Whether you live in a city or on a farm, you can benefit by being refreshed by nature. For more than a week, I have been in Wisconsin at a school where I am “trapped” without a rental car or other transportation that could take me to a different place after the workday.
But the hotel I’m staying at is on the edge of a woods. The other day, I walked its perimeter to see if there was a trail. Late-afternoon light would cast shadows from the trees, and the area looked beautiful and inviting — just what I needed after a long, hard day.
I noticed a man on a riding lawnmower go outside a low fence around the property and disappear into the trees to probably dump grass clippings. I decided to check in that area for a trail.
I didn’t expect much because where he dumped his clippings couldn’t be that interesting, I thought. But I was wrong.
What I found was a grassy forest path that led into an oak and pine wood line. The little trail was almost like a tunnel through the trees. I followed it to a creek that the trail crossed on an old wooden bridge. A cool wind rustled trees stripped of their leaves.
My feet made a swishing sound as I walked through piles of oak leaves. The forest’s ground was spongy and it was like walking on a thick carpet. There were hollows in logs and old tree stumps that provided refuge for animals. On the logs were different kinds of shelf fungi, some of which resembled pretty sea shells.
The water in the creek was swift and clear. The bottom was rippled clay and sand. There were different kinds of water plants growing on the bottom that swayed with the current. There were a lot of fish, the largest of which were about 14 inches. I stood on the bridge and watched them ride the current. I thought about how nice it would be to drop a line in and kick back for a while.
After the bridge the trail ended, so I walked down an overgrown embankment and headed off into the trees. The terrain here is different than back home in Utah. There were ponds in the forest covered with water plants and green moss. The shores of the ponds were thick, black mud matted with years of leaves and decay. It was a tricky thing to navigate around them without sinking into the muck.
As I made my way over to the creek, I heard the crack of a branch and saw a couple of large whitetail deer run off through the woods. These animals have a large, triangle-shaped tail that lays flat when they are not disturbed. But if they get startled, it flips straight up like a fan as they flee and it is completely white.
Everywhere I went in the trees, I noticed large, gray squirrels running around. They would stop to sit on a log and chew on an acorn or pine cone, scratch their side vigorously like a dog, stare at you for a minutes and then bound off. It turns out they were eastern gray squirrels and they are the size of small cat with a huge, bushy gray tail.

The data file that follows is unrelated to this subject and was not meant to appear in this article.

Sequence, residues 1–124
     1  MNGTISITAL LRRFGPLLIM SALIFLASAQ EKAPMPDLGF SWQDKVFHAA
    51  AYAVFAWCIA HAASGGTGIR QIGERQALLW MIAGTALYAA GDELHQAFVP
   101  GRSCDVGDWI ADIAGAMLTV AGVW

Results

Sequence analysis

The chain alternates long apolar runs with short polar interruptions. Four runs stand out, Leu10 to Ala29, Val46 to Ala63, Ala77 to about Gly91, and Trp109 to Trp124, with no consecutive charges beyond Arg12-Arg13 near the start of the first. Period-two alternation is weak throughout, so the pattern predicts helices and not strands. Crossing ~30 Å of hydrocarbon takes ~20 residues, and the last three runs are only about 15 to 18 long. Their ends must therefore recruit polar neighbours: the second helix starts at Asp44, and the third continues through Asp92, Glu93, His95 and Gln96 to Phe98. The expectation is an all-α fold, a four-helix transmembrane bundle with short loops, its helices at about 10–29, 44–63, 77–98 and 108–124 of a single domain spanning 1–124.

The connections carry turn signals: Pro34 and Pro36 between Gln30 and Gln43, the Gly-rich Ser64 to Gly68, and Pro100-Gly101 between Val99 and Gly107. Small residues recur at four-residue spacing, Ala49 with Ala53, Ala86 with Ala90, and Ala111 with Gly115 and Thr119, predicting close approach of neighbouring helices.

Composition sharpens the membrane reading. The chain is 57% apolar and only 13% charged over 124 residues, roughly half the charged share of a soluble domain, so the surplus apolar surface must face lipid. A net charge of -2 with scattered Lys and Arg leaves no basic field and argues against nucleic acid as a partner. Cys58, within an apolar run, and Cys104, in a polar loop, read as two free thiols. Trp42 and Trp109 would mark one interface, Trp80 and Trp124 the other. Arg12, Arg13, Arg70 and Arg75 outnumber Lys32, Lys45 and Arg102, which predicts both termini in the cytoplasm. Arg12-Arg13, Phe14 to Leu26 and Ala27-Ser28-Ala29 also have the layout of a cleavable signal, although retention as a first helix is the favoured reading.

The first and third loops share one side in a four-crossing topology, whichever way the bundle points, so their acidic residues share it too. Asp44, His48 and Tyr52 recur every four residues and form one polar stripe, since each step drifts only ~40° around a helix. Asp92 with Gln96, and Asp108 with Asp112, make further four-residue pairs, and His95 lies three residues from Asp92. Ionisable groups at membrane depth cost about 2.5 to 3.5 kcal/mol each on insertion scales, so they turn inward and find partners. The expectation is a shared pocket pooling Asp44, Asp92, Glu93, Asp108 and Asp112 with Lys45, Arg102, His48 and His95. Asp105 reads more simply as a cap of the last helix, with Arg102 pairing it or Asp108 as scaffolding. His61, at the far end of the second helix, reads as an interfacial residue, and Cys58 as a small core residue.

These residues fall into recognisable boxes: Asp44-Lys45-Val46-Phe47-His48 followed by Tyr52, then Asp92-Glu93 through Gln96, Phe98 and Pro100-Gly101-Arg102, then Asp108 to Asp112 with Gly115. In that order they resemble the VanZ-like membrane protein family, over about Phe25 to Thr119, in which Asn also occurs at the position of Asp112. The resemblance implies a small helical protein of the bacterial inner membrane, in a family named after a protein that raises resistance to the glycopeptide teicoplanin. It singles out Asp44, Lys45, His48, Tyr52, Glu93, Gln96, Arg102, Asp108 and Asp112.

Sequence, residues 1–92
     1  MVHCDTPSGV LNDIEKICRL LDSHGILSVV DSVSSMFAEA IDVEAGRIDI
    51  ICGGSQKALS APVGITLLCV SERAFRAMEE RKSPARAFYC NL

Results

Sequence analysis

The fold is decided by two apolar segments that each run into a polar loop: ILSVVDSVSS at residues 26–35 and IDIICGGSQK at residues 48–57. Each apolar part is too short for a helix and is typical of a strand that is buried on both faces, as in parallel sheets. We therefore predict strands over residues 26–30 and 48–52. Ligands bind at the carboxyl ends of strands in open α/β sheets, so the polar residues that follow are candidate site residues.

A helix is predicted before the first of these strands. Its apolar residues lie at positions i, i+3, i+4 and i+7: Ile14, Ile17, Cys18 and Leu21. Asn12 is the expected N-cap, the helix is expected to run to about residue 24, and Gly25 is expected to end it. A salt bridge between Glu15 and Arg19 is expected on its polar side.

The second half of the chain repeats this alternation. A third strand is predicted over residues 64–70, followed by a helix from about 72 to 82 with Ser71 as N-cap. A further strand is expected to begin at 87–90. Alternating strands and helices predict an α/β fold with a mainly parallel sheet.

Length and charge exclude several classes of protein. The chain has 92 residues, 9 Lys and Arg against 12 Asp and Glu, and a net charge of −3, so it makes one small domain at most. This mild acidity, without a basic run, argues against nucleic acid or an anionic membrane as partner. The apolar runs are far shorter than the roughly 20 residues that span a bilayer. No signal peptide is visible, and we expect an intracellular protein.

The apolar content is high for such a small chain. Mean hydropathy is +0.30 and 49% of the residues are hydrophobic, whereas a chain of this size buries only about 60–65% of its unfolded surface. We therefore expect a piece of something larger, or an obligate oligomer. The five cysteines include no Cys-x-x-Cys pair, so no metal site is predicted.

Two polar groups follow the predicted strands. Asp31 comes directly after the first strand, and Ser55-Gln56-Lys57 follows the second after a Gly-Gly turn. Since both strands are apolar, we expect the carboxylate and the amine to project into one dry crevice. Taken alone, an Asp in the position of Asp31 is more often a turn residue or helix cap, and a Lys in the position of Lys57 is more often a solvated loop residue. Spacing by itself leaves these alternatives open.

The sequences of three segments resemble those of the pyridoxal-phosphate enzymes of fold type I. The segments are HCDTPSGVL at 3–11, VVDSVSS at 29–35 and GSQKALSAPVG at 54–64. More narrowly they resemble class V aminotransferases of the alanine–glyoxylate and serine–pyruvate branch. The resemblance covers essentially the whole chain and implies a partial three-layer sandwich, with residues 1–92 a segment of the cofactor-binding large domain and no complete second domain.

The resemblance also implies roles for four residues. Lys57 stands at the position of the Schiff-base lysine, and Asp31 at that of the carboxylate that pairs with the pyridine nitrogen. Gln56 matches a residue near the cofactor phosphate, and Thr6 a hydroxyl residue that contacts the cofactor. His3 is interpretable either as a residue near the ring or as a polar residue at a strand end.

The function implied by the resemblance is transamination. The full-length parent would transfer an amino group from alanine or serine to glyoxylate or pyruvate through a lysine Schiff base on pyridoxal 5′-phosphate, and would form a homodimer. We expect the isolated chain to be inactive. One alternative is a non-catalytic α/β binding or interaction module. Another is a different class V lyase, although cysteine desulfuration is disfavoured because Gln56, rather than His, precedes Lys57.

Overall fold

I also noticed several red squirrels, and while researching them on the University of Wisconsin Biology Department’s web page, I learned they can have burrows up to 5 meters long. According to the range map, the squirrels also live in Utah.
I returned to my hotel room that evening completely refreshed. I resolved that every day I would take a walk for at least a few minutes in the woods. The next day, I walked down to the bridge and then turned right and followed the edge of the creek to an old trail that went through large pines. The ground beneath the tall evergreens was covered with reddish brown pine needles and their trunks were large and wrinkled.
I walked through mixed pine and oak, and started to notice that some of the smaller trees were cut about a foot from the base into a point. I realized that no tool did this and surmised it was a beaver.
I further explored this area the next day, and while tromping through it, the sunset bathed the trees in mercury gold. Shadow and sunset are different here because the horizon isn’t blocked by mountains.
Because I had little knowledge about beavers, I checked with Wisconsin Natural Resources and learned the animal is second only to man in their ability to alter the landscape. They wreak havoc on the forest as they cut down trees of all sizes to build dams on streams.
After they’ve obstructed the water flow, they build a dome-like lodge in the middle of the resultant pond with an underwater entry. I was fascinated by these creatures because some of the trees they had chopped down in the woods I visited were several feet in diameter.
After more research I learned the beaver may be seen during the day but are primarily nocturnal. I have seen evidence of beaver activity in the Wasatch Mountains, mainly in Big Cottonwood Canyon near Doughnut Falls. I resolved to come back to the woods the next evening to watch for them — the topic of next week’s column.
It is hoped today’s and next week’s column remind all of us that nature can be enjoyed in unexpected places. A walk through a field near your subdivision, or sitting on a bench in the Tooele City Park, may give respite from a hectic life. So get outside, be refreshed and enjoy your day.
Jessop grew up exploring the mountains and deserts of Utah and has traveled to all 50 states, U.S. Territories and a dozen foreign countries. He and his family live in Stansbury Park.